REFUGEE ROUTES: LESVOS, GREECE 2018
In 2018, I volunteered with A Drop in the Ocean, a non-profit aid organization patrolling Lesvos' Southeast coast to rescue refugees crossing from Turkey to Europe. During my time as a volunteer, there were several landings, and I witnessed first hand the situation refugees face once interred in camps such as Moria.
Our patrols were overnight from 11pm-7am. During the day I took my camera to document the island and the current situation. These are some of the images I made during this time. As with my Italy photos of refugee routes, I refused to point the camera at people. I do not want to jeopardize the asylum applications of an individual and I do not want to be a purveyor of others suffering.
There are an estimated 8000 thousand refugees on tiny Lesvos. As many as 6000 live in the squalid Moria camp a few miles outside the capital of Mytilini. Since borders have shut, and caps placed on refugees entering countries like Hungary, Serbia, Germany and England, a bottleneck has occurred in Greece, a country whose economy struggles to manage the further drag on its resources.
Meanwhile, refugees, mostly from war torn Syria, are trapped on the island waiting to be processed. Moria, the largest camp on the island, is severely overpopulated. Refugees already traumatized by war and a dangerous ocean crossing, are subjected to unsanitary conditions, sexual assault, and inadequate food and shelter. Furthermore, there isn’t ample legal and psychological care. Hundreds of unaccompanied minors are at particular risk.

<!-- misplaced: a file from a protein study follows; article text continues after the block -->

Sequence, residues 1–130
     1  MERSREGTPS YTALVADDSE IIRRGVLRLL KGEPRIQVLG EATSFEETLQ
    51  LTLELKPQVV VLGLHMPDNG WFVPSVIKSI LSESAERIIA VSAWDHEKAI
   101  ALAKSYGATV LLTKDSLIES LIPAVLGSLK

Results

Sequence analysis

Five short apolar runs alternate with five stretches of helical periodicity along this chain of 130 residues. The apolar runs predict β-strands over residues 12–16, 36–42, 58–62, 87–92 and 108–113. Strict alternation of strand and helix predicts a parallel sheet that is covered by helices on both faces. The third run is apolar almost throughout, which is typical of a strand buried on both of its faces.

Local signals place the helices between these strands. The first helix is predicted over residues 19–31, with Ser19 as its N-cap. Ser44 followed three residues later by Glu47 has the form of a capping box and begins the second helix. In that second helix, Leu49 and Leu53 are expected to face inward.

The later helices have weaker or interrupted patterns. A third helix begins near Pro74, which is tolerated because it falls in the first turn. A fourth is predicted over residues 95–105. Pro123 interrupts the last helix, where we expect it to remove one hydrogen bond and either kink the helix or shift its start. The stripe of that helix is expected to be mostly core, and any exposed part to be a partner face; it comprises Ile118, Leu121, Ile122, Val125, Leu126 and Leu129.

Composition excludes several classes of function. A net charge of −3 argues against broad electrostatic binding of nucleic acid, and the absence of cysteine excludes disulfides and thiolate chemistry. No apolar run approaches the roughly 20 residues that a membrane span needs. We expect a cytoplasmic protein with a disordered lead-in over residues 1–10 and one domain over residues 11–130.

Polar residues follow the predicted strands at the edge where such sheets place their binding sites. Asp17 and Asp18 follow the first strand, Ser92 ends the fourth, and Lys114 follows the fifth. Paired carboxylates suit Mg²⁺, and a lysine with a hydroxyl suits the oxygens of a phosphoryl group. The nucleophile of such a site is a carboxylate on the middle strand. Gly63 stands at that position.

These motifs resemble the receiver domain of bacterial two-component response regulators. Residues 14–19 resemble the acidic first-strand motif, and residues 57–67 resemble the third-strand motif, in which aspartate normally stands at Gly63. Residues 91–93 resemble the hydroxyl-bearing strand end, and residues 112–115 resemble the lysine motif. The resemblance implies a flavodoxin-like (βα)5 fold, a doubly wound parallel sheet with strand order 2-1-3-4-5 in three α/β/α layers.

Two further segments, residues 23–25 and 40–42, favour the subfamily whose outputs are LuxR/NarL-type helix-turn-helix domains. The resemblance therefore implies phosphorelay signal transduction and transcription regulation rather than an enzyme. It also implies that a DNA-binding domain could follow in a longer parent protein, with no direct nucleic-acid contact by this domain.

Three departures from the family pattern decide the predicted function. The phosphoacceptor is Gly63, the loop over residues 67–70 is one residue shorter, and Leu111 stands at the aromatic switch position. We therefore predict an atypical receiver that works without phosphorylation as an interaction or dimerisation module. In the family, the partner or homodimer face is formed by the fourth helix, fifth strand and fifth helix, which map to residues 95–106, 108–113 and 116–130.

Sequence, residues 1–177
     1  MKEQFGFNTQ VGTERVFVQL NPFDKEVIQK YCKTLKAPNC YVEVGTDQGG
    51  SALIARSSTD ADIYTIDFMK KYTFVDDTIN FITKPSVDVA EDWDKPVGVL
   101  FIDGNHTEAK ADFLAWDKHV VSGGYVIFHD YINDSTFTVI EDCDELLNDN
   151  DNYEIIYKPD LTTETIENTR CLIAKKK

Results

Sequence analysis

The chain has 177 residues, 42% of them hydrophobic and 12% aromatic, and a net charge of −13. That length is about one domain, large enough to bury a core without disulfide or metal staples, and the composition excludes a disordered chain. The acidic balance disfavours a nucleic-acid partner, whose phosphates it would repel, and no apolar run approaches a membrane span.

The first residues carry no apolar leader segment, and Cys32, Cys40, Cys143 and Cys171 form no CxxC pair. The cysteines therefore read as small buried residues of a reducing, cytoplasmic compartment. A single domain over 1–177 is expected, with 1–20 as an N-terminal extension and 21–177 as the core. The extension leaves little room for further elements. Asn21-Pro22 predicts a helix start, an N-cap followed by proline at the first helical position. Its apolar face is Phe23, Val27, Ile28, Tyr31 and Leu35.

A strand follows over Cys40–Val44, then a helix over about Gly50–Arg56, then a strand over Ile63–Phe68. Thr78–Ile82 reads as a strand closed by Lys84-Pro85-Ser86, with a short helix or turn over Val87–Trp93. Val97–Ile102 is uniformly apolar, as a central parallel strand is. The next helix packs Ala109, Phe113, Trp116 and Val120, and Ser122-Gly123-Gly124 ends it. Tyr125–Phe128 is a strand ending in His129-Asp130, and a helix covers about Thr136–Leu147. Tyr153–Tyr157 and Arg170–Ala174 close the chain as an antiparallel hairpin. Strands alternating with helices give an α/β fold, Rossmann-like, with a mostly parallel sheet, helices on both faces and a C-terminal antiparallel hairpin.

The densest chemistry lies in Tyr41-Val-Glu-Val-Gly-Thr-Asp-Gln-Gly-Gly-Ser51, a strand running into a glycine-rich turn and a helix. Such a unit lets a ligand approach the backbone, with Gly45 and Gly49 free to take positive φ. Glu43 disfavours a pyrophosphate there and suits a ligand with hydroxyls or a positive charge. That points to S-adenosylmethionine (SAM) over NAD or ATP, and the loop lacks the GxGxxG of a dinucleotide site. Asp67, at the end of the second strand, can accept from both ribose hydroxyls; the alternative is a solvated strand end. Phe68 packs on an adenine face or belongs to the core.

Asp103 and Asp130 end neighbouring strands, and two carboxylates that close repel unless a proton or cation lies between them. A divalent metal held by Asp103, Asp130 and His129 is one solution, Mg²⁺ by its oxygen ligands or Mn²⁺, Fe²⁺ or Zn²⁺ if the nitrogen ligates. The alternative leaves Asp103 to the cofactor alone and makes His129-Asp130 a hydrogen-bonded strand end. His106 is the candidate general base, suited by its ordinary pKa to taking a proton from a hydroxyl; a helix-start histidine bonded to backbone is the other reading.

I volunteered at a community center during the day. Dozens of minors were brought here daily. They were fed, and were offered language lessons, music lessons, and a break from the dismal life they experience in Moria. It was not unusual to meet kids who cut themselves or had withdrawn into silence and would not speak.
One 15 year old Afghani boy told me he’d walked for twelve days to get a bus to Turkey. He’d crossed with 40 other people on an inflatable raft from Turkey. During the crossing, a child fell overboard and drowned. He has been in Moria for a year. He feels guilty because he was sent by his parents to reach Europe. He had to find work to send money home to them.
I also talked to a young Syrian woman who had studied English Literature in Damascus. She wanted to go to London and continue her studies. She’d been in Moria for 2 1/2 years with her younger sister and her mother. “I write love poems,” she told me. “I don’t write about the camps. I only write about love. It is how I survive.”